Wednesday, 8 February 2012

Vermi-compost using Tiger Worm (Eisinia fetida)

Kitchen-wastes and an interested Sulphur Crested Cockatoo looks on!
Your kitchen-wastes or scraps is a resource! It's a food source for the voracious Tiger worms aka Red wriggler (eisinia fetida). So stop wasting your resources! the pic on top shows my kitchen-wastes bowl containing carrot peels, mung bean sprouts, egg shells, some green vegs, some left over noodle/pasta, and tea bags but no dairy prods or meat.
On your left is my worm home made from non-toxic plastic (sorry guys, it's still fossil-fuel derivative, but's useful!) by the innovative Oz company RELN Worm Factory. Excellent system other than slight difficulty with setting the 4 stands. It's a three tier system. The top a perforated feeding tray, the middle tray is also perforated and lined with coconut husk fiber serves as the worm home and the bottom for collecting the magnificently potent worm-tea (warning! always dilute with some water 1:4 ratio is good) overfeeding apparently may kill your fave plant too! (more on the difference between "worm-tea" and "leachate" click here

Hessian/Jute c
Here is a blanket of hessian (Jute aka good-ole "karung goni")
to keep moisture in and kept flies disinterested to lie their eggs.
I spray with water, sprayer nozzle set on mist or denser but not runny. Btw, a proper worm-tea is not smelly, if it is try tuning-up your system by adding dolomite/calcium eg ground egg shells or similar material. If you noticed the bottled "worm-leachate" on the right, that's because I was ignorant that proper worm tea CANNOT be bottled and left in hot sun. It naturally turned foul as anaerobic bacterias thrive on this condition! these bacterias emit foul gas hence the putrid smell. Best is to mix your own vermicast with some water and check the bubbles/froth. It should be clear froth and no smelly brown scum on top.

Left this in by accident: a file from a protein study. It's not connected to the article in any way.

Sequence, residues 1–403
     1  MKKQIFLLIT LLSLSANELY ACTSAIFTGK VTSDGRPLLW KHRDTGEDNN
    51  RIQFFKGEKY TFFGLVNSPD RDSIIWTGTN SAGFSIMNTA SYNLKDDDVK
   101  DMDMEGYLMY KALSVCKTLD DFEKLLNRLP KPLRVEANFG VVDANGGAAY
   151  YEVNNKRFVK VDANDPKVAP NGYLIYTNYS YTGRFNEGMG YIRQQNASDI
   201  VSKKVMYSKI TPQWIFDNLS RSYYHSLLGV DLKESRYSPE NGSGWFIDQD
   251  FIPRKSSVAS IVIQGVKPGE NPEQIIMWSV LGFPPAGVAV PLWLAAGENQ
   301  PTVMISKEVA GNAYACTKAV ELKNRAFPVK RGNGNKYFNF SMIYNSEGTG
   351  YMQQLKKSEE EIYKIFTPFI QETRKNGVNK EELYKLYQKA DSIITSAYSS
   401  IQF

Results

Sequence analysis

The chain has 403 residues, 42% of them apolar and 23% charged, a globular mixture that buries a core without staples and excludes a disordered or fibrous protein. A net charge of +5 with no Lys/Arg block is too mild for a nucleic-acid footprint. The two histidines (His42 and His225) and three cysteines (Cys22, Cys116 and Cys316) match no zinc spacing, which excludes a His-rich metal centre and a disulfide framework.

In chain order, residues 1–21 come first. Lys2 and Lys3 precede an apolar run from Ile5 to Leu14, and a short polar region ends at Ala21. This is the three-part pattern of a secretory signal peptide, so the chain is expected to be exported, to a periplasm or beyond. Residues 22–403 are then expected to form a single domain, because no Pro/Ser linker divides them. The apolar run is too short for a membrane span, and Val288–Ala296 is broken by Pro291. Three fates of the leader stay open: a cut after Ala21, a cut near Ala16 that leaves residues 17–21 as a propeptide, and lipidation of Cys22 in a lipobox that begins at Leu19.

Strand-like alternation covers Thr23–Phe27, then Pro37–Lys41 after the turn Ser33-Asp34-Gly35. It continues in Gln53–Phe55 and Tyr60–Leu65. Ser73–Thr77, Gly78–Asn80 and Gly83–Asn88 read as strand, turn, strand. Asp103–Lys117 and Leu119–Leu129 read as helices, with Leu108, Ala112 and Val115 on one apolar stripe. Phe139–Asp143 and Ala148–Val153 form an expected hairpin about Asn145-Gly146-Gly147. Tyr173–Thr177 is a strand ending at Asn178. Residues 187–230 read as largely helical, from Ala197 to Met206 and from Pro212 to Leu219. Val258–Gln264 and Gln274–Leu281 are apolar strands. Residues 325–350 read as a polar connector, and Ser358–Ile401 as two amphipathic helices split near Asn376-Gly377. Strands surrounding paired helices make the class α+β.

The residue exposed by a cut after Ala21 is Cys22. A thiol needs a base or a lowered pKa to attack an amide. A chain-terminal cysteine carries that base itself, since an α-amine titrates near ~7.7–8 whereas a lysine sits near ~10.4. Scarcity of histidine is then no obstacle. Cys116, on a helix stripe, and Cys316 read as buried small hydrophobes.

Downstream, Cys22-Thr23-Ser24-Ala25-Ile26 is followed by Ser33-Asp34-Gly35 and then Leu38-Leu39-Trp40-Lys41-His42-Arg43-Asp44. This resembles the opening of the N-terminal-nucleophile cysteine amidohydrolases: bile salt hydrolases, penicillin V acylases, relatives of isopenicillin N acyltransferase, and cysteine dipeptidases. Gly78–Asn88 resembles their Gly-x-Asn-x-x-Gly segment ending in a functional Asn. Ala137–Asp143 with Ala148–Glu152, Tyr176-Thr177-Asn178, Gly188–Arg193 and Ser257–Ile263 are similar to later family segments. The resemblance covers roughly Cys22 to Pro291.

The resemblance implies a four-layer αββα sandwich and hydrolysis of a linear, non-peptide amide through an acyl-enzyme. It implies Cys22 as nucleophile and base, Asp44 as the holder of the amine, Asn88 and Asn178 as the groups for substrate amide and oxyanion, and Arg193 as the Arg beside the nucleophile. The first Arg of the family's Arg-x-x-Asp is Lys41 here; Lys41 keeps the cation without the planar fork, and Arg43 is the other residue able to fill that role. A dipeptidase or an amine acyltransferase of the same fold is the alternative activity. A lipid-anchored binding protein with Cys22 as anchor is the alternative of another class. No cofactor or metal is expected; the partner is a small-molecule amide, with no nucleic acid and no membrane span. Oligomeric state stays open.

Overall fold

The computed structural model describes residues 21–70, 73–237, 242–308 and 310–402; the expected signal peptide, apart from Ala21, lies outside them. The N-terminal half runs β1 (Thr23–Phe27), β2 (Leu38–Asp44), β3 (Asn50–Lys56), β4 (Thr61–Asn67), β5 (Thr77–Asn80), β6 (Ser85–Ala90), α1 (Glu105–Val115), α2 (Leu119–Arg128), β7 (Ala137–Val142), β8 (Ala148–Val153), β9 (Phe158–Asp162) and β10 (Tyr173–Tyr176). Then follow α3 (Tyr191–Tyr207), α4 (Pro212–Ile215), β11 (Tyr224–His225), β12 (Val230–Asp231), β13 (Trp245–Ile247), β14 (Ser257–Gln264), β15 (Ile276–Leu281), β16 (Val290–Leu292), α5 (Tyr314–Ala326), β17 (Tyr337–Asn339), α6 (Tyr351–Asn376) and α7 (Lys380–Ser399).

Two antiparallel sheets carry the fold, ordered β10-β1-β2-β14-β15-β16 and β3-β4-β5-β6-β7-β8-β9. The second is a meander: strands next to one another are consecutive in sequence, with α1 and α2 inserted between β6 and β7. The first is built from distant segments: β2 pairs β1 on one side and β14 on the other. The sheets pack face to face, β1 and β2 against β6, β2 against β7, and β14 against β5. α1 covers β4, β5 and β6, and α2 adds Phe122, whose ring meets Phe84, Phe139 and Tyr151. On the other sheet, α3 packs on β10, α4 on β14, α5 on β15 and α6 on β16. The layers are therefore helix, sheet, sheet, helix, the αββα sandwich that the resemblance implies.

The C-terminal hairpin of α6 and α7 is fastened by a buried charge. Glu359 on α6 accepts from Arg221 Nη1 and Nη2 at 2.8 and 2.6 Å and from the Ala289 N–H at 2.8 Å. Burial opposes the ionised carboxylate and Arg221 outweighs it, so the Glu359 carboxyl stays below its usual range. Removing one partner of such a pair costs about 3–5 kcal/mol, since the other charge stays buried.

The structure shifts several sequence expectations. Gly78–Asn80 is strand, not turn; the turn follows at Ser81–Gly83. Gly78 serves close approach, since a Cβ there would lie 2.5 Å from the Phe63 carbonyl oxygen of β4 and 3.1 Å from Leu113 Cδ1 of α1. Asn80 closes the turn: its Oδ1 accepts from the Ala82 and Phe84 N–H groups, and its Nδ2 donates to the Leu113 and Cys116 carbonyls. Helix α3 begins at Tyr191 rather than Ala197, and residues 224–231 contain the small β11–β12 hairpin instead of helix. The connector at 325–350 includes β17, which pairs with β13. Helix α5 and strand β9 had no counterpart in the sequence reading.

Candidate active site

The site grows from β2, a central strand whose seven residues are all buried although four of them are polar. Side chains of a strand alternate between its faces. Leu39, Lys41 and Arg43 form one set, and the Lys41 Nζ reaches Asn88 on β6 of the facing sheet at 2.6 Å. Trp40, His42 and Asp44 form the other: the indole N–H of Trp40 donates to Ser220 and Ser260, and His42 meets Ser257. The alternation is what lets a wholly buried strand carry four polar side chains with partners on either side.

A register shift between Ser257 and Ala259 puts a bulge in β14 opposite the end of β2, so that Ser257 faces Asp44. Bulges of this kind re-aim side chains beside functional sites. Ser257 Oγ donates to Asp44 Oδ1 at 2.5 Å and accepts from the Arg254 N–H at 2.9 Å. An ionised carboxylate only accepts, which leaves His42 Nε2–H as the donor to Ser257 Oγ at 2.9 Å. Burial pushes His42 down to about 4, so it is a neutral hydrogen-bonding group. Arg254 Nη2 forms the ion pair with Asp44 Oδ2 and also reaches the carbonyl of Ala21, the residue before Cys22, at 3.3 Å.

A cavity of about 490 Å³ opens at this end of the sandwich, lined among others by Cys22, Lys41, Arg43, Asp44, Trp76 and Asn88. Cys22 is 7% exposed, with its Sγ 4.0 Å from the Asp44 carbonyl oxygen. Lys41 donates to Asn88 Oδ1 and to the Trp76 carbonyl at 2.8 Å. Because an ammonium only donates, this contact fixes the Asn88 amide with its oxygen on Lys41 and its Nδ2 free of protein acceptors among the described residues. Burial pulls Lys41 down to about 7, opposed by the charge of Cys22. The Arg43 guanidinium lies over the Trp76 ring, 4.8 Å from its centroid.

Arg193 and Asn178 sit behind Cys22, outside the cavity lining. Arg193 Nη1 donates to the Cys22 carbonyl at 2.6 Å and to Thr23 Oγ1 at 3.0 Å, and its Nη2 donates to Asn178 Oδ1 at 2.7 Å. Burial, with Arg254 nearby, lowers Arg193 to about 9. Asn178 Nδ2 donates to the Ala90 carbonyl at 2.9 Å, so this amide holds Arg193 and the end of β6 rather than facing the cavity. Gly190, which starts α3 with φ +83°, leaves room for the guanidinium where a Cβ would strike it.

"The Hilton Residence"
 This is the scene of the middle tier aka the "Worm Hilton" - 
it should be moist but not wet, notice the sprouting seeds on top left corner, looks like it came from my Rock Melon seeds!
Right on top of it you will see some happy fully fed worms hanging down...yeah guess  the just finish gorging on my kitchen wastes hehehe...ooh also check that the top tier has holes so that worm can migrate back to their home once had a full stomach. It still amazed me even now to think that a single worm can eat HALF of its body weight every day!

To collect the "nutritious" worm-casting always choose a nice sunny day. Take their "Hilton Residence" out on the lawn or a safe and pet free open space. Turn their "Residence" upside down on top of a old blanket or plastic tarpaulin (you know those blue ones!) then create a "MOUNTAIN" or mound of the vermicast and as worm are photo-sensitive meaning they easily burn in hot sun - they will all dive down to the bottom of the mountain freeing you to harvest the top(sometimes there are fat n lazy worm) can't be bothered to move down, just pick them up and put them on the bottom, they will quickly wriggle into the mound for safety. 
Happy harvesting your vermicast :)
Eisinia fetida
 [...] Singapore needs to consider urban agriculture in policy and to increase not only research into areas of agro-technology and agro- and hydroponics but also about how to bring those actions to the local, community level. 

We need to learn to eat more sustainably, that means less meat due to its high carbon footprint (being flown in from different parts of the world and chalking up “food miles”

We cannot remain ignorant to the fact that even the food we eat contributes to short-term climate change ie global warming and being in a country/city that is highly dependent on external food sources, we need to begin to move towards more sustainable forms of getting food and eating food...or even disposing of food.